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Out of my 13 interviews completed thus far, I only had 1 specific program (or maybe it was 2 now, I can't remember) tell me that they wanted to know post-interview if we really liked them. The one place I recall was a smaller community program, and the PC told me (paraphrase) "If it is your intention to match into our program and you really, REALLY want to be here, definitely let us know as we value that information." I'm not really sure why it matters so much to this one particular place, but at least that's what they told me.
Isn't that a match violation to try and solicit this information form you?
 

rkaz

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Isn't that a match violation to try and solicit this information form you?
Good question. I don't know the answer. She didn't say that we needed to write them anything.... nor was she implying that one wouldn't be ranked if they didn't write. She just casually gave us the us the FYI that the program would take into extra consideration applicants who they knew really wanted to come there.
 

MadHopsMD

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Good question. I don't know the answer. She didn't say that we needed to write them anything.... nor was she implying that one wouldn't be ranked if they didn't write. She just casually gave us the us the FYI that the program would take into extra consideration applicants who they knew really wanted to come there.
I have gotten that at couple places too. And as a resident in my previous life, we use to ask this question a lot. I think that they know you will match, and that you are competitive at lots of places. Your 13 interviews show that you are. But they wanna know if you sincerely liked them.

For example, if you have no connections in the area it makes them wonder if you are really going to rank them high. If they knew that you would rank them high (1-5) they rather have you than say then if you ranked them last (#13). Residents who get their top picks are usually happier, work harder and overall more productive
 

mercaptovizadeh

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A few questions:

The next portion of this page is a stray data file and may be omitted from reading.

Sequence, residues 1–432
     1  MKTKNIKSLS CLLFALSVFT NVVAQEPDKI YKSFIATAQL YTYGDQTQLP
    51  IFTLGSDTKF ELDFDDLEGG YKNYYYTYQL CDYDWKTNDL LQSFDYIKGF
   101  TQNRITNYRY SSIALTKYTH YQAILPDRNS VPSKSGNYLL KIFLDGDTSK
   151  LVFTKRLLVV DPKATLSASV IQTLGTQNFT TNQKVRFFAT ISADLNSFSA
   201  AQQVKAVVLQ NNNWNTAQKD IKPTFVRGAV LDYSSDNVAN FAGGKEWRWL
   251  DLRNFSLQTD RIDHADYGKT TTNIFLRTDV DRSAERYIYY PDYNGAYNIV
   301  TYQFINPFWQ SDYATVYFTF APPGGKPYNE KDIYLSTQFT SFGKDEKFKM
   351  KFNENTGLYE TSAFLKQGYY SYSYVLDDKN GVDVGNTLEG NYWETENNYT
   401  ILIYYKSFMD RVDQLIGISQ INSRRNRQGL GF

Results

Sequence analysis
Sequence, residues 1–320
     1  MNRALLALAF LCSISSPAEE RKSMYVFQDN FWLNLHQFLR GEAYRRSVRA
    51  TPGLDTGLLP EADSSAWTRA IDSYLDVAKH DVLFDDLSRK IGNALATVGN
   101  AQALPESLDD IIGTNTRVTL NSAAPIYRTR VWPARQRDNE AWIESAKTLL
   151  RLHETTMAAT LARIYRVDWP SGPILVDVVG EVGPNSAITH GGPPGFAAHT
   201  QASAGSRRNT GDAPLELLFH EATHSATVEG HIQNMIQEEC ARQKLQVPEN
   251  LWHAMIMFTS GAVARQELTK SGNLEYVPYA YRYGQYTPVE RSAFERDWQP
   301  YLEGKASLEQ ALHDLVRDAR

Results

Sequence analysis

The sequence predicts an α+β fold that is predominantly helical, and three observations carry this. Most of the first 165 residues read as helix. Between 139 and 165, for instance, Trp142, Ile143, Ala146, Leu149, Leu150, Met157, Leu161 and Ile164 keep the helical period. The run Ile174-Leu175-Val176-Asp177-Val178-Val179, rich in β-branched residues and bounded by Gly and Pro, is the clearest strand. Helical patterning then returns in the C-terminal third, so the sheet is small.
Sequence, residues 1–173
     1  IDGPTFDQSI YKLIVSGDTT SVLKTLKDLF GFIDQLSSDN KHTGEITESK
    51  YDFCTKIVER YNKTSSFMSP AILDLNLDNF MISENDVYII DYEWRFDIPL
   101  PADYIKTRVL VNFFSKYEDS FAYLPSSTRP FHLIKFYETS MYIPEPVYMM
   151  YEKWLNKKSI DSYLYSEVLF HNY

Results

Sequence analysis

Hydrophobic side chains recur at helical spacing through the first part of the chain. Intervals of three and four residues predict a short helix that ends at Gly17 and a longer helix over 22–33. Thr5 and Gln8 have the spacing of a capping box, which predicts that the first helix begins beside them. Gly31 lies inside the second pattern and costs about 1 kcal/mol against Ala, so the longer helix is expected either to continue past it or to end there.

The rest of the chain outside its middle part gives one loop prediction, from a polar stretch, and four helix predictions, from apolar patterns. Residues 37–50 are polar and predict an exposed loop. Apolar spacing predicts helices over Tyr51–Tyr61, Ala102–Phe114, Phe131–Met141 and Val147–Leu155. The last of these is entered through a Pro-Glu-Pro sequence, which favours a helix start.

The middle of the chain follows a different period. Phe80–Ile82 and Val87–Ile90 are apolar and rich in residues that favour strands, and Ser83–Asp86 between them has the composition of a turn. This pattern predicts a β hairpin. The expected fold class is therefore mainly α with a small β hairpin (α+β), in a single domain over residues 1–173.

By when do these need to be sent? I was thinking late next week.

How do we word the "highly ranked" but not #1 emails so it doesn't read as "you're not quite my first choice"?

If there have been any favorable updates to our application (1st author basic science paper in press), do we include in this email or write a different email to the PC?
 

xtina0

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When programs respond to thank you notes and say they want to keep in touch… what does that mean exactly? do they just say that for the sake of formality?

I sent thank you notes to every program I applied to and I was going to send follow up notes to the programs in my top 5. I really don't feel like doing more than that, it's too much work. What is everyone else doing ???
 

IM2GI

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A few questions:

By when do these need to be sent? I was thinking late next week.

How do we word the "highly ranked" but not #1 emails so it doesn't read as "you're not quite my first choice"?

If there have been any favorable updates to our application (1st author basic science paper in press), do we include in this email or write a different email to the PC?
1. Send them now

2. There is no magical way to do this. Tell your number one, and only your number one, that they are first on your list. How ever many other programs you say "You were great, I will rank you highly" is up to you. My impression is that programs like to hear that they are number one, but otherwise are not really influenced by the emails. The exception may be if you otherwise have no connection to the area and you have a sincere, genuine interest in going there.

3. Updates such as publications/new scores can and should be sent to the PD as a succinct email. These guys/gals are getting several hundred emails a day. I suppose you could cc the PC as well, although I bet the PD just will forward it to the appropriate person to add to your file.
 

IM2GI

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When programs respond to thank you notes and say they want to keep in touch… what does that mean exactly? do they just say that for the sake of formality?

I sent thank you notes to every program I applied to and I was going to send follow up notes to the programs in my top 5. I really don't feel like doing more than that, it's too much work. What is everyone else doing ???
Formality typically. What else should they say? It is up there with "rank you highly" and other trail-talk. People are reluctant to say anything committal over email due to concerns over potential match violations. I had the most meaningful contact/feedback from programs via phonecalls.

I think hand-written notes are a waste of time for everyone involved. Email is perfectly acceptable. If it makes you feel better, sending your top 5 a succinct email expressing your interest is probably fine.